CBK warns financial institutions over growing money fraud within self

CBK to go after M-Pesa App over its hefty daily transaction

Kenyans are at high risk of losing money through banking fraud owing to mobile banking that has grown from a mere 14 per cent in 2009 to 84 per cent in 2022.

In a report released on August 4, 2022 by the Central Bank of Kenya (CBK), Kenyans who reported to have lost money through fraud accounted for 6.1 per cent for mobile bank users, 25.9 per cent for mobile money users and 6.8 percent for bank account users.

The Kenya Financial Sector Stability Report also shows that 34.5 per cent and 25.9 per cent of bank account holders attributed the loss of their money to inside job in these financial institutions and phone-related fraud respectively.

“These have implications on consumer confidence and overall financial stability,” CBK warned.

Rapid adoption of mobile money has been categorized as disruptive in the financial services provision. It has, however, come with new risks and raised consumer protections issues, with implications on financial stability risks.

According to National Kenya Computer Incident Response Team Coordination Centre (NCIRTCC), there were 158.4 million cyber threats through June 30, 2021, up from 110.9 million in 2020 same period. NCIRTCC is mandated to coordinate response and manage cybersecurity incidents.

So far, mobile money providers have 27.1 million active customers, up from 25.7 million in 2020, representing 5.3 per cent growth in new customers.

This is attributable to the increased internet penetration, uptake of e-commerce and cloud-based services to support remote working and increased social media use.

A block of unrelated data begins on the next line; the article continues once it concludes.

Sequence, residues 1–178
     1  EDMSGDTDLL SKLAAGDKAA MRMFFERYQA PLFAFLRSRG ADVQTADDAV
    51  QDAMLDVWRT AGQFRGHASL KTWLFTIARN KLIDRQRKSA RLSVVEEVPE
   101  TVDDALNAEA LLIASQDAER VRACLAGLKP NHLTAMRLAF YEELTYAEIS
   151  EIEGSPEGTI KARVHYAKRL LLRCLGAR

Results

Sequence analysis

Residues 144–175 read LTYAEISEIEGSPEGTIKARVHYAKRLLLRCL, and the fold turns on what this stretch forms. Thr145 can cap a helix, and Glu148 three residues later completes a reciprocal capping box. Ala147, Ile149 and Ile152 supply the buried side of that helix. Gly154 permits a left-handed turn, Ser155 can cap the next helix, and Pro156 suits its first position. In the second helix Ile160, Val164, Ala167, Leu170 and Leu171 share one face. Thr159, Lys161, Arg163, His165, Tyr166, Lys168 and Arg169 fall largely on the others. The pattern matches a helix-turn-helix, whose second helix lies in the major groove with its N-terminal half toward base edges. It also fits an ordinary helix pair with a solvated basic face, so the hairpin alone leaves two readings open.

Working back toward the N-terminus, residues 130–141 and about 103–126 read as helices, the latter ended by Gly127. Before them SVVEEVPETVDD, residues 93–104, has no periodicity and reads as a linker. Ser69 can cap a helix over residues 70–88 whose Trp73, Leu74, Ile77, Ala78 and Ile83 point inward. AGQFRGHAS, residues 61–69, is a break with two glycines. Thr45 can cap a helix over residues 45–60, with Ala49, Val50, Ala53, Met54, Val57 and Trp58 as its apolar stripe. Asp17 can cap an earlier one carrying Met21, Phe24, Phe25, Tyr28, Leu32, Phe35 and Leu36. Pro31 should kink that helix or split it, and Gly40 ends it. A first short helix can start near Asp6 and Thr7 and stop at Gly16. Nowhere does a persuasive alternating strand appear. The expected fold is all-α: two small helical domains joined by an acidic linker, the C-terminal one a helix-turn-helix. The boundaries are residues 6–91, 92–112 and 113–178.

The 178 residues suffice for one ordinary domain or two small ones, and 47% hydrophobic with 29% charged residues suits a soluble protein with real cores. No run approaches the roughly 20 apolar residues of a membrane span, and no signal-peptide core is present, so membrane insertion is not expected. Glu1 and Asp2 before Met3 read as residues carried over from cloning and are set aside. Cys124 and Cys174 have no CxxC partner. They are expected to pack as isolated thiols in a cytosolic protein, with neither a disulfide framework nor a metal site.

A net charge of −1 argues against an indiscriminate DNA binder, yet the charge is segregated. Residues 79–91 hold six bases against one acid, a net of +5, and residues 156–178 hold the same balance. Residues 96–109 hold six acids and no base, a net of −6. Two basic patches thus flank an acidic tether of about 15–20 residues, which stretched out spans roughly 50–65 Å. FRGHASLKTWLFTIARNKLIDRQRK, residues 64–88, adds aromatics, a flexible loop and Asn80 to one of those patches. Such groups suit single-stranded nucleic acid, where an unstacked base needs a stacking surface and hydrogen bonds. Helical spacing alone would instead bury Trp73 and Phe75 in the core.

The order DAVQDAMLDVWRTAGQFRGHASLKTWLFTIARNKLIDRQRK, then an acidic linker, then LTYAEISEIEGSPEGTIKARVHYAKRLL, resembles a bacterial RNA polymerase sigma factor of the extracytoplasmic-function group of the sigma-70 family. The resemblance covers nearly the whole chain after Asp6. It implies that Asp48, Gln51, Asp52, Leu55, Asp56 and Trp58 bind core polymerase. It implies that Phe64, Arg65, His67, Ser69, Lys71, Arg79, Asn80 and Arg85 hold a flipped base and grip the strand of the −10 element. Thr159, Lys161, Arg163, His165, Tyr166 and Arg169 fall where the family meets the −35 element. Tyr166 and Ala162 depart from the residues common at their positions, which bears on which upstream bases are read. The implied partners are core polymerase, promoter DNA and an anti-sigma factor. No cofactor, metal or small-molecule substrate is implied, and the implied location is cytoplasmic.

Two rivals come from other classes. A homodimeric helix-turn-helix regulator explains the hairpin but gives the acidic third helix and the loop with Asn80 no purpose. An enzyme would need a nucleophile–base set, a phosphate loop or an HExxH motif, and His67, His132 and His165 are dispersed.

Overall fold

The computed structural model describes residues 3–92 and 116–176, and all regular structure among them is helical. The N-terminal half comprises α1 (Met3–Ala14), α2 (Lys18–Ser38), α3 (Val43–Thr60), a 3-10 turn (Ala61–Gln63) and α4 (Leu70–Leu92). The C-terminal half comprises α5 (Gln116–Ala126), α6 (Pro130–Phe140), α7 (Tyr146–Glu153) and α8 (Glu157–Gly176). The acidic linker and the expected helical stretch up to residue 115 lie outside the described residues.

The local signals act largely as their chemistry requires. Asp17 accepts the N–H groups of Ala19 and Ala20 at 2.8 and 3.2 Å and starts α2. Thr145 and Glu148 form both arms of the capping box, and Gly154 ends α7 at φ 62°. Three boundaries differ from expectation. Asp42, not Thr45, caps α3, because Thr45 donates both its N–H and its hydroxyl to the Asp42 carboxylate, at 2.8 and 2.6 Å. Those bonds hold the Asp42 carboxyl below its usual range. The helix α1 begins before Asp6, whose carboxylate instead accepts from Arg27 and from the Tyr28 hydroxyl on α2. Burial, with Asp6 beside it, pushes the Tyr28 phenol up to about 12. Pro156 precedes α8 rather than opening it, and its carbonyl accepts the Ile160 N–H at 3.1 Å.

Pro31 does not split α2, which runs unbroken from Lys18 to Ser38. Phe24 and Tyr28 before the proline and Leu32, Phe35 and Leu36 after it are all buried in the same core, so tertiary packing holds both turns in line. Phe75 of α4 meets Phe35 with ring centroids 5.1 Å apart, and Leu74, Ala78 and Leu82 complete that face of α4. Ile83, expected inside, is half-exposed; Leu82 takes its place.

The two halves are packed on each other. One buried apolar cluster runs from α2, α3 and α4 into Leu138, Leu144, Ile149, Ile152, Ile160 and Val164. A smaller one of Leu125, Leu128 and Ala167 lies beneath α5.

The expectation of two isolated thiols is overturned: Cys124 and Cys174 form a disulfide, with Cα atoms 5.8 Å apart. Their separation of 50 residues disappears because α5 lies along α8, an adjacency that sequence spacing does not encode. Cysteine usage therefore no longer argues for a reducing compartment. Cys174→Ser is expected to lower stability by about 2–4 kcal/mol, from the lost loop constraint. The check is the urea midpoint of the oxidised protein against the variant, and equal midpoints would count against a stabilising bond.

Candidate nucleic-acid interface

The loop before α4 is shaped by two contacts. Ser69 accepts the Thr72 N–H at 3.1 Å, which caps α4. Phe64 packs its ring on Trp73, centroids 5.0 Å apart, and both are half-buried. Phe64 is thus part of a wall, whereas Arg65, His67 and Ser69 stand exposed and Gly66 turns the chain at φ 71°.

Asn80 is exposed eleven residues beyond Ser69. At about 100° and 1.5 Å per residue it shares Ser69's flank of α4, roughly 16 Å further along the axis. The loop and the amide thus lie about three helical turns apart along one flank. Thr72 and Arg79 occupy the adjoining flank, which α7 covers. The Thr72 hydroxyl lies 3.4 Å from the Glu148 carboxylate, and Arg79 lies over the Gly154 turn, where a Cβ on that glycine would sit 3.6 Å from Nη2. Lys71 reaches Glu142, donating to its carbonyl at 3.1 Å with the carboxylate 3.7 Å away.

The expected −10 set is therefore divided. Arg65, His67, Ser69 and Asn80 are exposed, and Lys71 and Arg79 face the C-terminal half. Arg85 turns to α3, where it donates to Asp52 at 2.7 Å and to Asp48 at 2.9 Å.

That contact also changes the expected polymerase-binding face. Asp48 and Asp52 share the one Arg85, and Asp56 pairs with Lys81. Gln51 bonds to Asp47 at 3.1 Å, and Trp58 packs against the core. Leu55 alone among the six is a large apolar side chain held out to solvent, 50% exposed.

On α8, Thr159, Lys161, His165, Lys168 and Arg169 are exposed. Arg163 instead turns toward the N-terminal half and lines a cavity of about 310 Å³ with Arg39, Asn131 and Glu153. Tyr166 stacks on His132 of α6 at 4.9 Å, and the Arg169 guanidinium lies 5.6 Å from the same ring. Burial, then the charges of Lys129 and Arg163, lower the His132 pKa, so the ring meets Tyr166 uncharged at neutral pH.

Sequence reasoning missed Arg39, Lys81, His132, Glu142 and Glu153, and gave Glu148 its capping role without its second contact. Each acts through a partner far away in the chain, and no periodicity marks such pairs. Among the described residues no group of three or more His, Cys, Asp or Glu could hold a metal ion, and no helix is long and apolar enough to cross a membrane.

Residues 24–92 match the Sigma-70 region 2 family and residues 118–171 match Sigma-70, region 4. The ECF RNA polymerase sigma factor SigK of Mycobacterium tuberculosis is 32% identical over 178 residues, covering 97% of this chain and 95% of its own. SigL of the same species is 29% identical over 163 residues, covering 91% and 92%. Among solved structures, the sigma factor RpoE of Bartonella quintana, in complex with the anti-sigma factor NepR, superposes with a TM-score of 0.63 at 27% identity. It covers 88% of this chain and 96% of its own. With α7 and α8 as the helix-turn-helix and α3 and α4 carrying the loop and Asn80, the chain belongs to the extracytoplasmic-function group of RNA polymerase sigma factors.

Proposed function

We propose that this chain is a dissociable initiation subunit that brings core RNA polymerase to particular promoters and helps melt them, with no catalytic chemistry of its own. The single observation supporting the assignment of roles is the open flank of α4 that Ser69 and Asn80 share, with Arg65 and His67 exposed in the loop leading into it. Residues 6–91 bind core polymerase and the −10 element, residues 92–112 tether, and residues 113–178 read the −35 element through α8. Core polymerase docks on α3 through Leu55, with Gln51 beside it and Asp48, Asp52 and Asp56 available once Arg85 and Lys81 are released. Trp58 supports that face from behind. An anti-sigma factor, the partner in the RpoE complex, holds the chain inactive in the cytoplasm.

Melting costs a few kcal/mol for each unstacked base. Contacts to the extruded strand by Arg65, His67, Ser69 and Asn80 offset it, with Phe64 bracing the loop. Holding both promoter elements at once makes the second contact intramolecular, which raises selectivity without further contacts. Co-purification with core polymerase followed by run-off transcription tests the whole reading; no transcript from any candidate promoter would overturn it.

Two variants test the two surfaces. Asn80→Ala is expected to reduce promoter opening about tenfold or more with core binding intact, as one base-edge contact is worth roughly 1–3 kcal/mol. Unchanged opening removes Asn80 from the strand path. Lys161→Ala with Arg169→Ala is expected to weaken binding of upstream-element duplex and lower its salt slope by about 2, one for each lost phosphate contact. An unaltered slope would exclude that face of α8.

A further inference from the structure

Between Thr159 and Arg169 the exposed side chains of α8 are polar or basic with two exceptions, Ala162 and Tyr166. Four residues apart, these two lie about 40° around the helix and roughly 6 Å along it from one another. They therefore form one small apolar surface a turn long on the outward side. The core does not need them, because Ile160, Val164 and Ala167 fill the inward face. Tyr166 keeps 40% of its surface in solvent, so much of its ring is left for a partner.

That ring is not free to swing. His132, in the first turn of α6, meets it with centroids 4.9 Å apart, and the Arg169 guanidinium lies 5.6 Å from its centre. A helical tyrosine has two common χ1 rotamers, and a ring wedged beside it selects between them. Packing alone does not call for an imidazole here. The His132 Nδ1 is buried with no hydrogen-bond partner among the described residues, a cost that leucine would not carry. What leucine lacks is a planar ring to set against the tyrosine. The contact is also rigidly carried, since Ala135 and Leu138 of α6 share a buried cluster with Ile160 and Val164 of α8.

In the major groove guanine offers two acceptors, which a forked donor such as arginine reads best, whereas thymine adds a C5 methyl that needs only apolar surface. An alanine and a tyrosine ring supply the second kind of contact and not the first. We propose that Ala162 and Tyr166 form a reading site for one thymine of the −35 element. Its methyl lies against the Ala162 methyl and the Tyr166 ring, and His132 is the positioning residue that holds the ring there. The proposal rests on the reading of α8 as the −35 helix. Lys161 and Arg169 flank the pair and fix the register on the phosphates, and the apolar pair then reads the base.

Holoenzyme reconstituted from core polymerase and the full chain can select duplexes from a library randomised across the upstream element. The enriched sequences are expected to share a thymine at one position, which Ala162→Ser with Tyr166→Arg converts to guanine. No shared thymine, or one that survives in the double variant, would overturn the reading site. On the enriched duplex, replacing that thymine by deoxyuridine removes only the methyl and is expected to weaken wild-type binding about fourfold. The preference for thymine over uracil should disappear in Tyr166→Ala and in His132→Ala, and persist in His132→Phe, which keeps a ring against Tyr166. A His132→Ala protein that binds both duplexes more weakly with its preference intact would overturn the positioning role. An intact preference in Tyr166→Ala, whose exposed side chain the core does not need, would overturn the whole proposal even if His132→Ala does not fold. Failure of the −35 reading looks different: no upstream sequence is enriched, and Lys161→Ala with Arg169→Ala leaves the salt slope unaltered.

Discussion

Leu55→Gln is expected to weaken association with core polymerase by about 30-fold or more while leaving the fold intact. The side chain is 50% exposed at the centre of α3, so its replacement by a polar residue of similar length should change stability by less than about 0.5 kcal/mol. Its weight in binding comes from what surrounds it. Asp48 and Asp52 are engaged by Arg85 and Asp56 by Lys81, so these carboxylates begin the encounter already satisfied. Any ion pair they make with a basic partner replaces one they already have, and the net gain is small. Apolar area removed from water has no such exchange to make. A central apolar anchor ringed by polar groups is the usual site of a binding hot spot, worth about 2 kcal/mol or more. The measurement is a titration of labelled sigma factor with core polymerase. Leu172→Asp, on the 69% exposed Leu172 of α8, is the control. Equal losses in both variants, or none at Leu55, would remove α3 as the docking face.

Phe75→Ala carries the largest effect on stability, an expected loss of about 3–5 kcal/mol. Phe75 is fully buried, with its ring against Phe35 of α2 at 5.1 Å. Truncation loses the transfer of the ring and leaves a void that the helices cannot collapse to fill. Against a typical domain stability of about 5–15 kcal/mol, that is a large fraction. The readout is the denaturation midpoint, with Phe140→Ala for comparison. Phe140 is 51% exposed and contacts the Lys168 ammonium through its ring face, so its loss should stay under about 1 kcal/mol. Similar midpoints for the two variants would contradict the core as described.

Some of financial institutions that have been implicated in money fraud are based in Nigeria, Africa’s most largest economy.

Recent landmark ruling by High Court on July 1 ordered that over Ksh6.2 billion cash stashed in 62 bank accounts belonging to Flutterwave, a Nigerian-based start-up, be frozen.

“Investigations established that the bank accounts operations had suspicious activities where funds could be received from specific foreign entities which raised suspicion. The funds were then transferred to related accounts as opposed to settlement to merchants,” the Asset Recovery Authority (ARA) told the court.

In a statement, Flutterwave dismissed claims of financial improprieties involving the company in Kenya, adding that it has records to prove the legitimacy of its business.

“Through our financial institution partners, we collect and pay on behalf of merchants and corporate entities. In the process, we earn our fees through a transaction charge, records of which are available and can be verified.

“As a business, we hold corporate funds to support our operations and provide services to all our customers,” the statement read in part.

Even though traditional banking remains safe mode of banking, the use of cards to swipe has dwindled on the risk of skimming when unscrupulous merchants swipe their cards, exposing their accounts to fraudsters, hence the general reluctance among some to use them for payments.

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